Tokyo, Sept. 18 (Jiji Press)–A three-day extraordinary session of the Diet, Japan’s parliament, ended on Friday, with no policy debates under new Prime Minister Yoshihide Suga taking place.
The government and the Liberal Democratic Party-led ruling bloc plan to convene in late October another extra Diet session where a policy speech by Suga, the first by him since he became prime minister on Wednesday, will be held, although the opposition camp demands an early opening to grill the government following the arrest Friday of a fraud suspect who was invited to a state-funded cherry blossom-viewing party.
The appointment of the new prime minister was the only major event during the just-ended session. There were no remarks by Suga or policy discussions. Suga succeeded Shinzo Abe, who quit as prime minister for health reasons.
At Friday’s meeting of the steering committee of the House of Representatives, the lower chamber of the Diet, Junya Ogawa, a member of the main opposition Constitutional Democratic Party of Japan and head of the opposition bloc in the committee, called for an early Diet session to hear from the new prime minister about his government’s policies. The ruling bloc plans to reject the request.
Opposition parties repeatedly called for Diet debates attended by the prime minister under the Abe administration. They are now stepping up their demands for an early Diet session to question Suga, who has declared that he will continue Abe’s policies.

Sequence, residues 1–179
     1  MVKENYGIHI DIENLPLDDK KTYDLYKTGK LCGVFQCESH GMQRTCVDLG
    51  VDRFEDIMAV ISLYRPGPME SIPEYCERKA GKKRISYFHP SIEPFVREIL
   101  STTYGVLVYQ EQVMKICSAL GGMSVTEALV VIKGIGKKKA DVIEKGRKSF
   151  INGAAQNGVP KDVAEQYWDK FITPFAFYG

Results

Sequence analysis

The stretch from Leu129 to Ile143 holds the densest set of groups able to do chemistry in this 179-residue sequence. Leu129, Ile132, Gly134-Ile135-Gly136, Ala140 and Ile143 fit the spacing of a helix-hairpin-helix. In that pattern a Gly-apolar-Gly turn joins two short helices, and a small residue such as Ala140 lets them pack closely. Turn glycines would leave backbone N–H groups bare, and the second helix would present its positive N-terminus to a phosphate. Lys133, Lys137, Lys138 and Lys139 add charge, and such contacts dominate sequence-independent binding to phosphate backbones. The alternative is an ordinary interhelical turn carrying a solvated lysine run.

They are also looking to grill the government over the invitation of the arrested former chairman of Japan Life Co., a failed multilevel marketing company, to a cherry blossom-viewing party held under the Abe administration.
The former corporate executive used a letter of invitation to the party from Abe to attract customers. A senior CDPJ lawmaker said that the invitation had helped lead to cases of fraud.
At a press conference, however, new Chief Cabinet Secretary Katsunobu Kato sounded negative about reinvestigating why the former Japan Life chairman was invited to the party, saying the government has not kept the list of invitees, a comment that angered the opposition side.
“It’s the same trick as that the defunct Japanese military used on the day before the end of (World War II 75 years ago),” CDPJ Diet affairs chief Jun Azumi said at a meeting of opposition lawmakers. “They poured gasoline and burned all the documents that were inconvenient for them.”
“As the fighting opposition, we want to pursue this issue thoroughly,” he added.
But the LDP does not plan to convene the next extra Diet session before late October.
At the next session, it plans to hold Suga’s policy speech and a subsequent question-and-answer session involving both ruling and opposition lawmakers at plenary meetings of both Diet chambers, and then conduct votes on ratifying Japan’s new trade deal with Britain and a bill to revise a special measures law for moving the dates of holidays in line with the Tokyo Summer Olympics and Paralympics next year.
The next Diet session, however, may be used by the new prime minister to dissolve the all-important Lower House for a general election.
With media polls suggesting that the Suga cabinet’s approval rate is high around 60-70 pct, a senior ruling bloc official said that Suga “may be tempted to dissolve the lower chamber early.”
Some in the LDP suspect that Suga may break up the chamber after conducting only his policy speech and a Lower House question-and-answer session at the extra Diet session.
“The atmosphere in the extraordinary Diet session may be tense due to the possibility of a dissolution,” Azumi said.
The psychological battle between the ruling and opposition blocs is likely to continue.